Get More Out of Your Interview With Behavioral Questions

You’ve managed to whittle down that imposing pile of resumes, beginning with the elimination of those who lack the requisite skills and experience for the job. The cream of the crop looks good on paper, which is why they made the cut; but what do those resumes tell you about their attitude, work ethic, and collaborative skills? Not much.

You’ll learn much more about your top candidates during the interview process, but make sure you dig down beneath the surface and ask behavioral questions. This is an opportunity to discover how they approach problems, work with others, and handle the unexpected.

Skills and experience are just the tips of the iceberg. In a job interview, questions geared toward revealing an applicant’s behavior and attitude help you determine whether your screened candidate has what it takes to actually mesh with your organization. We’ll explain what these are and how to ask them.

Hiring for Emotional Intelligence and the Right Attitude

Emotional intelligence (or “EQ”) is much more important than traditional intelligence (or “IQ”), according to behavioral scientists and other experts, since a growth mindset and the ability to work with others is paramount to success. Even someone who appears to have exactly the experience and “hard skills” you’re seeking may not be as adaptable or collaborative as you’d like if they’re lacking in emotional intelligence.

Someone with a high EQ will exhibit the following traits and likely will thrive in your workplace:

  1. Self-awareness. They understand their own strengths and weaknesses, and are able to take constructive criticism and make adjustments.
  2. Motivation. They’re driven to succeed and constantly improve, not simply for a paycheck, but to become better in their profession and to help the company succeed.
  3. Self-regulation. They are able to use restraint and temper their emotions when necessary, avoiding “blow ups” that could derail a team effort or cause new problems.
  4. People skills. They are skilled at building trust and rapport with co-workers, are quick to lend a hand, and never one to engage in sabotage. They’re typically well-liked throughout the organization.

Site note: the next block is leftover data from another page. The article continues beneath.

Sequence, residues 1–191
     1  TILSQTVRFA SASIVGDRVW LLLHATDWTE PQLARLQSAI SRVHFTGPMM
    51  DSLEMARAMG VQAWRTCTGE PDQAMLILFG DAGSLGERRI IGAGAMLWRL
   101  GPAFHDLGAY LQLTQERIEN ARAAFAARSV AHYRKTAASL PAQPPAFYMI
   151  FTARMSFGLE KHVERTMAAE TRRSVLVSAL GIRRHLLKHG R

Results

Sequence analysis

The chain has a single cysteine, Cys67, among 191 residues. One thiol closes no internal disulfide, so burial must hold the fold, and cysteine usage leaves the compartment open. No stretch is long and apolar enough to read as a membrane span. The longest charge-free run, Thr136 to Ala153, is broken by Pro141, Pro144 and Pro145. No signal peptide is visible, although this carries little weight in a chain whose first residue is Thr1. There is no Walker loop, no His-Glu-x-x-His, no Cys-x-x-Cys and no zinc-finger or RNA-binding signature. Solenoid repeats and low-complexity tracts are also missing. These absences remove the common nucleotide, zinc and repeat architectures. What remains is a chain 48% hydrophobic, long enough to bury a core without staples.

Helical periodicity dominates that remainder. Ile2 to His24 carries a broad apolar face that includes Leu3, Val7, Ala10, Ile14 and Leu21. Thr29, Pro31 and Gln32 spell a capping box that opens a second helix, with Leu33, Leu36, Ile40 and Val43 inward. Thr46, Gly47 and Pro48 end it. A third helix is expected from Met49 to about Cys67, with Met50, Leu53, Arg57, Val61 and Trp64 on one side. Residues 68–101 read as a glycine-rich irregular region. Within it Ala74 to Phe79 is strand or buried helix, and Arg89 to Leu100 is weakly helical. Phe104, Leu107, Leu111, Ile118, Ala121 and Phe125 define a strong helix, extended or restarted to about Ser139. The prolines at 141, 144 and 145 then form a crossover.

5. Empathy. They can connect with others through compassion, are able to “read the room,” and regularly (and promptly) respond to others’ concerns.

As you can see, you can’t assess these crucial traits simply by asking about an applicant’s strengths and weaknesses, or by simply asking them to explain what they’ve done in past jobs. This is where behavioral questions come in.

The Importance of Behavioral Questions in the Interview

If you ask the same old tired questions during the interview (i.e., “Tell me about yourself”), you’re all but guaranteed to get canned answers that don’t reveal much. If you want to find out how candidates work and whether they’re the right fit for your workplace, you’re going to have to dig a little deeper with behavioral questions.

You want to ask questions that prompt self-reflection and humility, and which (to a certain extent) catch them off guard. In general, these types of questions involve unique challenges and particularly difficult obstacles. You want to catch a glimpse of the candidate at their most vulnerable and find out how they handled it, while also paying close attention to body language.

The key is to avoid leading questions that may elicit canned or less-than-genuine responses. Asking about the time they adapted to a difficult situation is more leading than the more open-ended question, “Tell me about a time you faced a difficult situation?” Even if they didn’t adapt to a particularly difficult situation, you can ask a follow-up question about what they learned from the experience and how they might respond to a similar situation in the future.

Examples of Effective Behavioral Interview Questions

It’s important to tailor your interview, behavioral questions included, to your company and the specific role. After all, you’re trying to get a sense of how they might behave on the job. The following examples will help you get started:

  • What is your first step when you’re assigned to a new project?
  • How do you prioritize working on multiple projects?
  • How do you handle stress?
  • This is a situation you may encounter in this position. How would you handle it?
  • Tell us about a time your team had disagreements. How were these differences resolved, and what was your particular role?
  • Can you tell us about a time when you disagreed with your manager’s directions or priorities? How did you respond?
  • Tell us a time when you made a mistake or were asked to go back and make corrections. How did you handle it?
  • Can you give an example of a deadline you missed and how you handled it?
  • Have you had to work with someone whose personality was particularly different than yours? How did you make it work?

Post the Right Ad, Ask the Right Questions, and Hire the Best

In a job interview, behavioral questions often reveal more about a candidate’s future performance than their resume. But once they’re hired, you’ll need to train them, make sure they’re productive, and ensure they stick around. Sign up today for valuable information on the latest hiring trends, managerial strategies, recruiting tips, and more.